Towns recovering from Hurricane Sandy should plan for a future likely to include more extreme weather, more frequent flooding and higher water levels, emergency planners and climate experts said Friday.
Municipal officials are advised to use the lessons they learned about what didn’t work or what failed during Sandy to set a benchmark for what’s next, those experts said during a forum hosted by the Atlantic County Utilities Authority.
The forum, organized by Sustainable Jersey, brought together climate adaptation experts and municipal officials to discuss how towns should begin the process of becoming more resilient to flooding storms.
The organization also announced two new websites that will help municipalities identify problem areas and how to fix them. The two sites, which contain mapping and worksheets, will become public in a few weeks, said Lisa Auermuller, watershed coordinator for the Jacques Cousteau National Estuarine Research Reserve.
Randy Solomon, co-director of Sustainable Jersey, a nonprofit organization that helps municipalities become more environmentally friendly, said the group has worked to develop climate adaptation guidelines for several years. But, he said, municipalities had little interest prior to Sandy.
“I think (the storm) has taken something as abstract as climate change and made it very real and immediate to the extent that it’s focused people’s attention,” Solomon said.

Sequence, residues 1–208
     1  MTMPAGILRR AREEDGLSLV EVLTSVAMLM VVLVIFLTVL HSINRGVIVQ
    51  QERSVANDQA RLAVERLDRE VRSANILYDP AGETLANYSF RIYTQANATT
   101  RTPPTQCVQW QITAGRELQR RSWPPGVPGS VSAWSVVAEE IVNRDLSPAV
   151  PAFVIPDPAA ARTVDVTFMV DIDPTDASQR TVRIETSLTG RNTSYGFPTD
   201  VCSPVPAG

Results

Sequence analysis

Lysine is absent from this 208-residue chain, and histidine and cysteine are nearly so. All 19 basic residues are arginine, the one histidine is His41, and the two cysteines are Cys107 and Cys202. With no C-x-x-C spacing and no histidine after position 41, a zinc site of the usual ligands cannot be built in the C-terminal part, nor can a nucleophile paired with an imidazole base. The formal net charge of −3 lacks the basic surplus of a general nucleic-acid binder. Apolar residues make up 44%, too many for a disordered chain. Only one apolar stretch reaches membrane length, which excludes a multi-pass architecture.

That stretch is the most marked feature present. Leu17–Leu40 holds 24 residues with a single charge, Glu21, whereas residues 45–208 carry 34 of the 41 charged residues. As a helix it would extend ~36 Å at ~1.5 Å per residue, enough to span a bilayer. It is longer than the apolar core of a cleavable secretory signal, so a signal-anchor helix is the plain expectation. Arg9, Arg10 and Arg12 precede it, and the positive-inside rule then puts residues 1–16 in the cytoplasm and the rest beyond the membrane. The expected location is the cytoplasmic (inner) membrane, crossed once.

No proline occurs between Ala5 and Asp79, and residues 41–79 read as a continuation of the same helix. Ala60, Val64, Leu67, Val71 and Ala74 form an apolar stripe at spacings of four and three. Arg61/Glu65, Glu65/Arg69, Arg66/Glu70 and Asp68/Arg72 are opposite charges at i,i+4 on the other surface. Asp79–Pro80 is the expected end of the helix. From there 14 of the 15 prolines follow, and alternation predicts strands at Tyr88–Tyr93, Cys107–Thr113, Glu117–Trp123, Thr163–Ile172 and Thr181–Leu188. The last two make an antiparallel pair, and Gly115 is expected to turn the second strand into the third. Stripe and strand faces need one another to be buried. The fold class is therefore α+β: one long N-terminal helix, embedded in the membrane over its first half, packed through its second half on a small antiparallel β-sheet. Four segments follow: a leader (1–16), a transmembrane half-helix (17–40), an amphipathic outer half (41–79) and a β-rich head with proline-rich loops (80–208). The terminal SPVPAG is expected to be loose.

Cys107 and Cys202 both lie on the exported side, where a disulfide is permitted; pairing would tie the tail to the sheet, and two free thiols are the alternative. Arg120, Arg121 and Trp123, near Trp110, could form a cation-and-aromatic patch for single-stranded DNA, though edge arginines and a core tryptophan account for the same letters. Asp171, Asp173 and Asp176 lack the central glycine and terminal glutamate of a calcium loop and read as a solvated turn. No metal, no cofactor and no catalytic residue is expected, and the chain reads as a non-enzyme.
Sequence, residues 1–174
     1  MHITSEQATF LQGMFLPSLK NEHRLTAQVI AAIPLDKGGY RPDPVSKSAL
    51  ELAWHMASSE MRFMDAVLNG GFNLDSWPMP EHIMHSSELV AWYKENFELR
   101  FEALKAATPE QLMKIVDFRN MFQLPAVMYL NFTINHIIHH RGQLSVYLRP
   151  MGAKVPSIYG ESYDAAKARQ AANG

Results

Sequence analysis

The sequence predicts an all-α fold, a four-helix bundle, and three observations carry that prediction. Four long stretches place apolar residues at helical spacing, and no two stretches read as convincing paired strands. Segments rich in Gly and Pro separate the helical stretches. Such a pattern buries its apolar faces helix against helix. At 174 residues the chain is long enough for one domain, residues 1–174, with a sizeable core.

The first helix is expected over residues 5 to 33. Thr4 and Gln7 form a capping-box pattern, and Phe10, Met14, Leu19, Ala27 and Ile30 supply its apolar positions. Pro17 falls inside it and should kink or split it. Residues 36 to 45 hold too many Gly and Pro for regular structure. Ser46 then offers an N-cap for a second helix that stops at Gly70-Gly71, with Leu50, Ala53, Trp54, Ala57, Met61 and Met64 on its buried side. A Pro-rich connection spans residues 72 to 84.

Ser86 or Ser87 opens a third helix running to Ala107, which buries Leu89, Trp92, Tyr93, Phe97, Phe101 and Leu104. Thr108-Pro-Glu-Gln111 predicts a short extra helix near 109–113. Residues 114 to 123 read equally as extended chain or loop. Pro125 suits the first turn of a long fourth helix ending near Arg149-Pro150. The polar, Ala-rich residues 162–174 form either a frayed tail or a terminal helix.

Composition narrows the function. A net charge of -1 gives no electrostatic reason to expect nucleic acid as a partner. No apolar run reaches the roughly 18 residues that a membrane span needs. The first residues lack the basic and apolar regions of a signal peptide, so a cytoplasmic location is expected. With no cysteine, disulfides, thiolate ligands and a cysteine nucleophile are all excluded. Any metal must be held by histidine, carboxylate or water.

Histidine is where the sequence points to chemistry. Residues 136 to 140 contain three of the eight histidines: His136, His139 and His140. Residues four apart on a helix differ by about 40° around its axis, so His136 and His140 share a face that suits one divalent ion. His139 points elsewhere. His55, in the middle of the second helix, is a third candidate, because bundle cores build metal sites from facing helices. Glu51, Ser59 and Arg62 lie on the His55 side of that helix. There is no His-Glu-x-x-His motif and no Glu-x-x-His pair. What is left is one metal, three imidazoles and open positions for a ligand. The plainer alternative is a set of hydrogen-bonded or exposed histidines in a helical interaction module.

Among the key lessons Brigantine Mayor Phil Guenther said his city learned during Sandy was that the municipality-required bulkhead height along the bay was not high enough.
Guenther said the city undertook multiple projects to fortify weak spots along the oceanfront and to build better stormwater systems to drain low-lying sections after the December 1992 northeaster.
“A number of them have worked well for your normal elevation storms,” he said, but after Sandy, the city will need to revisit those measures.
Another pressing concern, Guenther said, was how proposed Federal Emergency Management Agency flood zone data released last month will affect residents and the overall community.
The changes “make it virtually impossible for homeowners to sustain flood insurance in the future if they don’t raise their homes,” Guenther said. “Some of the homeowners may be in a catch-22 situation: They can’t afford to raise it, can’t afford not to.”
Todd Steiner, a flood insurance and mitigation expert with FEMA, said the advisory base flood elevation maps released last month do not determine flood insurance rates but are the draft for what new flood insurance maps could look like. The advisory maps are considered the most recent data when it comes to FEMA approving grants, Steiner said.
In Maurice River Township, there has been a renewed focus on restoring marshes and oyster reefs at the mouth of the Maurice River as a way to protect the fishing ports around the bend from the open Delaware Bay, said Ben Stowman, chairman of the township’s land use board. Stowman discussed how the township is trying to restore a salt marsh to protect one bank of the river that has a major marina and fishing port.
Stowman also said the township is trying to develop a berm across a low-lying section of the flood plain as a way to reduce salt water intrusion and keep trees along the edges of the marsh from dying.
“Our plan is to adapt. We’re not giving up. We really want that history and industry to survive,” Stowman said.
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